HEALTH & FITNESS

 

Dealing with dengue
Dr Ajit S. Puri
As the national capital battles with a dengue outbreak, this infectious tropical fever can be fatal if not treated in time
Dengue is a serious tropical disease. Its rising incidence over the years has made it a global threat. It is the most widespread viral infection transmitted by the bite of Aedes aegypti mosquito that acts as a vector i.e. it only carries the virus responsible for dengue but does not suffer from it. The mosquito gets infected when it bites a patient suffering from dengue.

One in 4 Indians skips breakfast
Mumbai: A study by leading cereal-making company has found that one out of four Indians in metro cities, skip breakfast, which could lead to chronic diseases. With reasons ranging from paucity of time to fears of weight gain, the study conducted by College of Home Science, Nirmala Niketan, Mumbai, found 27 per cent respondents saying they skipped breakfast. Only three per cent respondents said they considered breakfast as essential part of the day, it added.

Health Notes
Trampolines add bounce to group fitness classes
New York:
Trampolining, said to have begun when Eskimos bounced each other on walrus skins for the fun of it, is putting a feel-good cardiovascular spring into group fitness classes, from body sculpting to dance, fitness experts say. Also known as rebounding, it delivers a low-impact, calorie-burning workout that swaps the tedium of a treadmill or step class for a feeling of child-like euphoria. Reuters

 

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Dealing with dengue
Dr Ajit S. Puri

As the national capital battles with a dengue outbreak, this infectious tropical fever can be fatal if not treated in time


Dengue fever can be managed at home but one should be alert to any signs of shock like abdominal pain, persistent vomiting, bleeding, sudden fall in fever and blood pressure. Thinkstock

Dengue is a serious tropical disease. Its rising incidence over the years has made it a global threat. It is the most widespread viral infection transmitted by the bite of Aedes aegypti mosquito that acts as a vector i.e. it only carries the virus responsible for dengue but does not suffer from it. The mosquito gets infected when it bites a patient suffering from dengue.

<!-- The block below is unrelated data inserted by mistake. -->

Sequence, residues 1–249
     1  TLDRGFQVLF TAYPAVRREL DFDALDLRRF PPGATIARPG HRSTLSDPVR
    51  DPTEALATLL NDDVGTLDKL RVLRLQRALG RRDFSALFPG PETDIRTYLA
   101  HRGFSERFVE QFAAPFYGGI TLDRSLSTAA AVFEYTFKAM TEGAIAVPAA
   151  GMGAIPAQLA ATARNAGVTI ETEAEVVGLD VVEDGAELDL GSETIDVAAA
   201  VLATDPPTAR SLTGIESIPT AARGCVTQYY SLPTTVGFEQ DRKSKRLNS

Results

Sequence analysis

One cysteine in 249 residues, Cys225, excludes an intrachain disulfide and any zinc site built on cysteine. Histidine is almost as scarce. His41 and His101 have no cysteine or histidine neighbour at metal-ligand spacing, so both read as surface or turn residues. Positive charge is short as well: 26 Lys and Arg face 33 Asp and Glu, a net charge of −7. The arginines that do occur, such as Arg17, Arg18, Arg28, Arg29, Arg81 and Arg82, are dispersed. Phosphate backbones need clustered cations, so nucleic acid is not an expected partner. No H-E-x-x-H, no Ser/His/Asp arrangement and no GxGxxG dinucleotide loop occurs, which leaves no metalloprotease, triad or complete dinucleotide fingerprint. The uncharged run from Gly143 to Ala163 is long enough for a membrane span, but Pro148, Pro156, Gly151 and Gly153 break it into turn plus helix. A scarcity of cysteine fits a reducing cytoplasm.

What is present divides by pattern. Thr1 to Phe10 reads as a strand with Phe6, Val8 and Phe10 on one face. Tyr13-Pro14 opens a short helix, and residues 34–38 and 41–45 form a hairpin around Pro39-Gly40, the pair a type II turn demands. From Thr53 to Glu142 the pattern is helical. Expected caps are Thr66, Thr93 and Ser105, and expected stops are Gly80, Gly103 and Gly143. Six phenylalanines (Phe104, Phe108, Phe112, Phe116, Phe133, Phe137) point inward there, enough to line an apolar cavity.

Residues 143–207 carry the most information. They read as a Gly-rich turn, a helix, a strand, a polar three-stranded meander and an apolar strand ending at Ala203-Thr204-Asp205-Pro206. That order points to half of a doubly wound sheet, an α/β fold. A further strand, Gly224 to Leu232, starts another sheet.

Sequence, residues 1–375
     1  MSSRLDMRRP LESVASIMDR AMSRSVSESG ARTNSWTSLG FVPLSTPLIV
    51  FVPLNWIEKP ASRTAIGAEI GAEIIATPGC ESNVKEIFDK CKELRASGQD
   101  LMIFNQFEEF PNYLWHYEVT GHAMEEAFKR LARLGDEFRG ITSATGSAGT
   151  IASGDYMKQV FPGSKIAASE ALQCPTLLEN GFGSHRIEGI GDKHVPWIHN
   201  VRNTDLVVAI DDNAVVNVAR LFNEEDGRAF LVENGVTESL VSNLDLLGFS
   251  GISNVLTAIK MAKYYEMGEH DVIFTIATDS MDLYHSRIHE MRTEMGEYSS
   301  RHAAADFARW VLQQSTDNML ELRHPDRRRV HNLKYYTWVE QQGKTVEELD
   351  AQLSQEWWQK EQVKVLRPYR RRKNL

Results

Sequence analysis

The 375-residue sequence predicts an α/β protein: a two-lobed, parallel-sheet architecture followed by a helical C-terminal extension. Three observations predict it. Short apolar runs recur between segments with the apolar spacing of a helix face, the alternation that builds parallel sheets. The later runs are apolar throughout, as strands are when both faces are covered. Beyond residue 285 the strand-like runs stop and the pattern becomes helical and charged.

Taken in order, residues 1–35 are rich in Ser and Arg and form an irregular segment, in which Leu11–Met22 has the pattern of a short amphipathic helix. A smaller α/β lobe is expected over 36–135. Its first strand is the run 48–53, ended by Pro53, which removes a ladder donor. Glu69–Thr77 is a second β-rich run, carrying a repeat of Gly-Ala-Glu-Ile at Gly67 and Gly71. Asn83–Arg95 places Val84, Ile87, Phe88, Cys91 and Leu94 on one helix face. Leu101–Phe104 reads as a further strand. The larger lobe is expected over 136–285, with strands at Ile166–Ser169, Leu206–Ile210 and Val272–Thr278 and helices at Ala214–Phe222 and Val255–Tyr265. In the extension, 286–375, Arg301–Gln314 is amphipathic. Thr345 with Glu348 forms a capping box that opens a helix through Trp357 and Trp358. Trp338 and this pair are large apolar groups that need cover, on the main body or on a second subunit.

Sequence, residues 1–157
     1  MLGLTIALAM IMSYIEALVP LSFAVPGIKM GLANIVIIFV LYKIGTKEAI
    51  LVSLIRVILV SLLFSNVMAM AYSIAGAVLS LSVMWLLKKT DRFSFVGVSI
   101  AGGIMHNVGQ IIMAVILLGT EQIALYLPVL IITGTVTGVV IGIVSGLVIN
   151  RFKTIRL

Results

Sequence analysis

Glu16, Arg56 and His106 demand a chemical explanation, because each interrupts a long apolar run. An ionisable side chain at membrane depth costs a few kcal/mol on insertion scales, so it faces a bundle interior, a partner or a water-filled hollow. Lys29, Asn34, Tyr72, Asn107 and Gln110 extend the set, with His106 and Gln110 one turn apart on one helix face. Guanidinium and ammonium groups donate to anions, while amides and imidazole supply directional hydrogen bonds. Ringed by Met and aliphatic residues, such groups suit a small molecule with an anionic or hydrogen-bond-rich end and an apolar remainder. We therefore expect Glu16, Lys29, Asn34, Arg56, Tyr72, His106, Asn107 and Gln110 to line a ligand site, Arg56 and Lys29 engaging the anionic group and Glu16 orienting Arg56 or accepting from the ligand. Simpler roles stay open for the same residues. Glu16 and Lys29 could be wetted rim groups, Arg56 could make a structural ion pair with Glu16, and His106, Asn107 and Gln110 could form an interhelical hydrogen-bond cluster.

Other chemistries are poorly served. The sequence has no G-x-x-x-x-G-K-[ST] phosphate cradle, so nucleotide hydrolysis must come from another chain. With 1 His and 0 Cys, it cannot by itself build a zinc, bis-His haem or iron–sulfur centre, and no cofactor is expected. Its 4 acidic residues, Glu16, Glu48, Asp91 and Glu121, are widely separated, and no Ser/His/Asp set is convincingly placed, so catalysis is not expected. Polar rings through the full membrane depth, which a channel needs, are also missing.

There are four types of dengue viruses: 1, 2, 3, 4, which are closely related. But interestingly infection with one virus provides life-long immunity only from that virus and not from other viruses.

Symptoms

Once the person is infected, the symptoms of dengue fever (DF) may start within three to 14 days. It is called the incubation period (that is the interval between exposure to infection and the appearances of first symptom).

Patient gets sudden rise in fever, chills, headache, backache, retro-orbital pain i.e. pain behind the eyes that worsens with eye movements along with generalised severe muscle pain (myalgia) and hence the disease is called 'break-bone fever'. Another interesting feature of the disease is that the fever may be biphasic in some of the cases i.e. the fever subsides for few hours to two days and returns again lasting for one to two days with above symptoms though mild in nature. The disease may last for about a week. A macula-papular/measles-like (morbiliform) rash appears on the chest and back spreading to the face and limbs persisting for one to five days. Nausea, vomiting, loss of appetite etc. may also accompany fever. The pulse may be slow and glands may be palpable.

The routine testing of the blood will show total leukocyte count low (leucopenia) with classical decrease in neutrophils (neutropenia). An important feature of the disease would be fall in platelet count (thrombocytopenia) and it may be responsible for mild bleeding disorders like scattered petechiae haemorrhages (small red spots on the skin), nose bleed etc. in some of the uncomplicated cases.